Both Deeds and McDonnell voted to exclude sexual orientation from a list of hate crimes. They voted against recognizing same sex-marriages and for a measure urging Congress to propose a constitutional amendment describing marriage as between a man and a woman. Deeds changed his votes on those measures when both were amended in their final versions.
Deeds and McDonnell voted to put on the ballot a state constitutional amendment prohibiting civil unions and same-sex marriage. Deeds said he voted for the amendment because he believed that it codified laws banning same-sex marriage. But he said he came to regret his decision and to believe that the language was discriminatory and said so publicly before the 2006 balloting.
Charley Conrad, president of the Virginia Partisans Gay and Lesbian Democratic Club, which has endorsed Deeds, attributes his views to a rural upbringing and said he trusts that Deeds's views have changed. "He likes to say he is a work in progress,'' he said.
Taken from the Washington Post's review of Creigh Deeds and Bob McDonnell, the Democrat and Republican candidates for Virginia's next Governor. Virginia has a recent history of voting moderate Democrats into the state's highest office which is somewhat at odds with the perception that the overall population of the "Old Dominion" holds conservative values and tends to vote for Republicans. (Washington Post)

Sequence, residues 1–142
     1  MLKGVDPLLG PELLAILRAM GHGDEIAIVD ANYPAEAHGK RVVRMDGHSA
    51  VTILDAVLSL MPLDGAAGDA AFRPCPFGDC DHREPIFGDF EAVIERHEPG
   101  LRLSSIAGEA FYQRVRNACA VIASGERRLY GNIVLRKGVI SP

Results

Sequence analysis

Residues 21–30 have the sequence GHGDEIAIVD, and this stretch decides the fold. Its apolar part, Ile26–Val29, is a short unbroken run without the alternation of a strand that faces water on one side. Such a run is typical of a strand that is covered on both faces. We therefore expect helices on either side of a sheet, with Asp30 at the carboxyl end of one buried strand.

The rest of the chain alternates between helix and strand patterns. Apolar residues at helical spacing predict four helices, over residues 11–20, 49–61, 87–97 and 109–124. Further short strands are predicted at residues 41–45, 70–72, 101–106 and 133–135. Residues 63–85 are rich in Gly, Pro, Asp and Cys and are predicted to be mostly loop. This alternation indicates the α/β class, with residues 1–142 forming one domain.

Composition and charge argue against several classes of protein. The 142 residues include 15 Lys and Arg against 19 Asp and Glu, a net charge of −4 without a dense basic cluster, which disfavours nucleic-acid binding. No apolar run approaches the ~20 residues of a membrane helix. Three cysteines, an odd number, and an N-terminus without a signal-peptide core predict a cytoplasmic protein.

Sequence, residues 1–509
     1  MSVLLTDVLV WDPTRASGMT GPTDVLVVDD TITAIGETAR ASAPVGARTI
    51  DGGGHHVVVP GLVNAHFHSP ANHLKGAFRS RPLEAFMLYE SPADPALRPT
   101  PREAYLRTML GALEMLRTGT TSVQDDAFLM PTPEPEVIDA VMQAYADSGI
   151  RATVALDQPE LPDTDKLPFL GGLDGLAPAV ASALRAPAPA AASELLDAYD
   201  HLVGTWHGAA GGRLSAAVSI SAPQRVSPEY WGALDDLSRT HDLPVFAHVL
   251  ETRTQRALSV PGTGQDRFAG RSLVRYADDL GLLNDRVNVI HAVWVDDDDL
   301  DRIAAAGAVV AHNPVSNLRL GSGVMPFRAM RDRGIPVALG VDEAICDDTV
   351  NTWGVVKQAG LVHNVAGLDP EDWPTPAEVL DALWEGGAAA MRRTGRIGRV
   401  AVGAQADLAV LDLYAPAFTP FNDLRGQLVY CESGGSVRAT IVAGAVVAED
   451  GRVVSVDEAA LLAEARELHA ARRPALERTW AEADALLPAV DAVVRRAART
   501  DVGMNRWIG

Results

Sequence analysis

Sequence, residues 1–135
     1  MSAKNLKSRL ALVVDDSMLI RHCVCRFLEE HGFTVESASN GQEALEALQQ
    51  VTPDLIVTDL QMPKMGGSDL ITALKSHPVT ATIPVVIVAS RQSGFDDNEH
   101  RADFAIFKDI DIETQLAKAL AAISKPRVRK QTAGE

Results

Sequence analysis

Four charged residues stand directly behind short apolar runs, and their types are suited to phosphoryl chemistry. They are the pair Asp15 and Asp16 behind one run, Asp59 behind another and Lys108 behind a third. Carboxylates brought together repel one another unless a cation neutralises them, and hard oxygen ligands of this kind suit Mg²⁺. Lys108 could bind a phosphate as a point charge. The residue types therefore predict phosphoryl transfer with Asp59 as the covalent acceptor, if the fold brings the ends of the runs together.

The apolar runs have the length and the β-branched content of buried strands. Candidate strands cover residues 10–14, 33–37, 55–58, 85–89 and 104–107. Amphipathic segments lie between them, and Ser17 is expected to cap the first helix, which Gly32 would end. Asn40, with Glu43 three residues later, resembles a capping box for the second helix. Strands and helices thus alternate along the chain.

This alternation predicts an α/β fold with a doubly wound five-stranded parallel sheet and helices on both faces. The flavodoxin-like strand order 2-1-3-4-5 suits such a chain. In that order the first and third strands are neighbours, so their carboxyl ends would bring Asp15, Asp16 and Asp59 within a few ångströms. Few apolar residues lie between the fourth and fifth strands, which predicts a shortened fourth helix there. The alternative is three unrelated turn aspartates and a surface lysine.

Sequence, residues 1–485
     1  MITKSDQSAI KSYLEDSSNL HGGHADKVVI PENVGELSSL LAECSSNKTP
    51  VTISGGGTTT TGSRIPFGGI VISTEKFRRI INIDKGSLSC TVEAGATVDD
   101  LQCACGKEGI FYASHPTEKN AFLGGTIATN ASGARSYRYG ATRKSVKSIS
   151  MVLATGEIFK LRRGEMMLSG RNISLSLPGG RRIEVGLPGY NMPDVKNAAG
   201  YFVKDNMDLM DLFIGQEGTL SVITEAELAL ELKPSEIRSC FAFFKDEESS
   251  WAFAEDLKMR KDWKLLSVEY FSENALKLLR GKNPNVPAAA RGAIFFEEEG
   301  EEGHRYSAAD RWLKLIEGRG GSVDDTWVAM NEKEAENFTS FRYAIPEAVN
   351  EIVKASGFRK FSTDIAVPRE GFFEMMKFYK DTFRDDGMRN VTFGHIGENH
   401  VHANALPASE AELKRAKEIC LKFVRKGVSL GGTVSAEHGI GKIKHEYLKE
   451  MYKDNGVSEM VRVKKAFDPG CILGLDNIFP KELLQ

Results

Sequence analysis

Bob McDonnell has consistently exhibited his strong dislike of gay
rights in favor of conservative "Biblical values.'' Whereas, Deeds'
record reflects apprehension to change the status-quo of Virginia's
exclusionary laws towards GLBT equality. So, unfortunately, Deeds'
new-found regrets are coming across as plattitudes to many gays and
others who find Deeds is lacking both a sense of conviction and a clear
message. McDonnell has held onto a modest lead over Deeds in the polls
throughout the campaign, though a recent poll indicated that Deeds may be closing in, possibly to as much as 4 percentage points. The small but densely-populated Virginia suburbs to the west and south of Washington, DC are said to harbor the state's most politically progressive and gay-friendly populations. (Politico).